Saturday, April 01, 2006
The Cathode Ray Tube Projector utilizes the old-fashioned picture tube that has been used in conventional TV sets for decades. With this type of projector, three CRTs, plus a magnifying lens, are used to cast an image onto a screen. The CRTs are used to project the primary colors, red, blue and green. This kind of projector works well to generate great contrast, very distinct blacks, and great color. Because CRT images are not scanned with an electron beam, they aren't confined to a certain pixel range and offer greater latitude when it comes to resolution display. Overall, a CRT projector gives viewers a very satisfactory, film-quality image. Unlike DLP and LCP models, CRT projectors do not have bulbs that require replacing, which saves the consumer money. Also, CRT models last for 20,000 hours - a relatively long life.
There are some drawbacks to this kind of projector. CRT models are usually pretty expensive, starting at around $10,000. They're also large, often requiring the same amount of room as a 20-inch TV set. Also, for a CRT projector to work to its maximum capability, a dark room is required.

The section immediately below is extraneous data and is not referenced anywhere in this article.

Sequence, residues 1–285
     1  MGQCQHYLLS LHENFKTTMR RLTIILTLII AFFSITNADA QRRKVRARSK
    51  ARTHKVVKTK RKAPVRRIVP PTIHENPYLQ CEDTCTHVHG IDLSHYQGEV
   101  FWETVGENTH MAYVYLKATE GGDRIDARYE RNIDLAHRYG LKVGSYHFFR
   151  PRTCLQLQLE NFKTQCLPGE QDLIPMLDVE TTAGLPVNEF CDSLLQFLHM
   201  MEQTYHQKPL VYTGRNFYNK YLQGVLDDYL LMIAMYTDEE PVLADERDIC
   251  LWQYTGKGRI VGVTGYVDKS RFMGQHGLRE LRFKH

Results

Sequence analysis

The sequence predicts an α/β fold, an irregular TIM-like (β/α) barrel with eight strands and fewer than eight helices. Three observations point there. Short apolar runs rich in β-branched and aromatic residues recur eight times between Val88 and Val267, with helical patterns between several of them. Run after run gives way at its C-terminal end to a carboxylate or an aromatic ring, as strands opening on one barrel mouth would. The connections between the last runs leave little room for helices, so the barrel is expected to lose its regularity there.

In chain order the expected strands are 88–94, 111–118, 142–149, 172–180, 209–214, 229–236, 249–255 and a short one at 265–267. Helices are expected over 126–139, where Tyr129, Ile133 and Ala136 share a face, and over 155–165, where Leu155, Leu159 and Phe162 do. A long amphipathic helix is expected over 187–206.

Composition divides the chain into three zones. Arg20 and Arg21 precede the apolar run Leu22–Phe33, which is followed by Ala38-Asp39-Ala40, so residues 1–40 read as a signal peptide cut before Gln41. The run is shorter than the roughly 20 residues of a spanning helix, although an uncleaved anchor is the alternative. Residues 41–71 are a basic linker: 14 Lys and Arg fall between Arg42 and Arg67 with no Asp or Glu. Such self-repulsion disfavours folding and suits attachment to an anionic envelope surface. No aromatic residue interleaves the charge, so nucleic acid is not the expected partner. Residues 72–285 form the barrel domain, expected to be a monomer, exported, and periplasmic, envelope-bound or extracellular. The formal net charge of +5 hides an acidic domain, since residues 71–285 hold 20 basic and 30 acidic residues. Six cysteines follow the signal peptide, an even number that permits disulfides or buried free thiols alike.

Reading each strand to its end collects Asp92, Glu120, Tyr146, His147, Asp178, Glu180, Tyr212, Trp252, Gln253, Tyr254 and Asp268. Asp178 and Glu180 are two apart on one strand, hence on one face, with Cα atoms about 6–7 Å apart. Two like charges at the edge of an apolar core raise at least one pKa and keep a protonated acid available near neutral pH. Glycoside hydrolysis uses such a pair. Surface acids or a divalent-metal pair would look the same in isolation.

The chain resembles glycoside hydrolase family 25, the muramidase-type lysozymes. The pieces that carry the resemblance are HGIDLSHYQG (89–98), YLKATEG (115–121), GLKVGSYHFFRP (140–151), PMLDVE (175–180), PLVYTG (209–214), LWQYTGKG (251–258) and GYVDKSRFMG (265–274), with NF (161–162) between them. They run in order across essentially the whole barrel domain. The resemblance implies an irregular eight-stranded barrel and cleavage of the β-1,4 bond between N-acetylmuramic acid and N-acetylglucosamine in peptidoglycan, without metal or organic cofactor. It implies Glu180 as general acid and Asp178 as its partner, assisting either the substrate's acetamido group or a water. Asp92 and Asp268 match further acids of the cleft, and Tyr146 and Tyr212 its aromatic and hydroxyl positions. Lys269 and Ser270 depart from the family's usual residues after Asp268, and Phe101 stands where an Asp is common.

A Liquid Crystal Display (LCD) projector utilizes clear chips made of single pixels. Light is transmitted through these chips to produce an image, which is cast onto a screen. Most LCD projectors are small and compact. They also offer great contrast and brightness. They're also affordable, starting at $1,000. A good home theater model might cost $3000.
LCD projectors can cause problems when it comes to visibility of individual pixels. If a pixel dies, or burns out, it's replaced on the screen by a black or white dot, which lessens the quality of the image. Pixels can't be fixed. After they burn out, the chip in the projector should be replaced. LCD projectors use bulbs that must be replaced every 1,000-2,000 hours. These bulbs cost a few hundred dollars, and they're easy to install.
Digital Light Processing (DLP) projectors use chips with thousands of mirrors that move quickly to produce an image. A color wheel supplies color, which is beamed off the chips as they move. The color produced with this type of projector is high-quality. There is no visibility of pixels, and the projector itself is very compact. Contrast and brightness are excellent, also.
One of the downsides to a DLP projector is what's called a rainbow effect. This can happen when a viewer sees a flash of color after looking rapidly away from the screen. As with the LCD model, the bulb has to be replaced about every 1,000-2,000 hours. Right now, the DLP projector is the most popular model being used in home theater.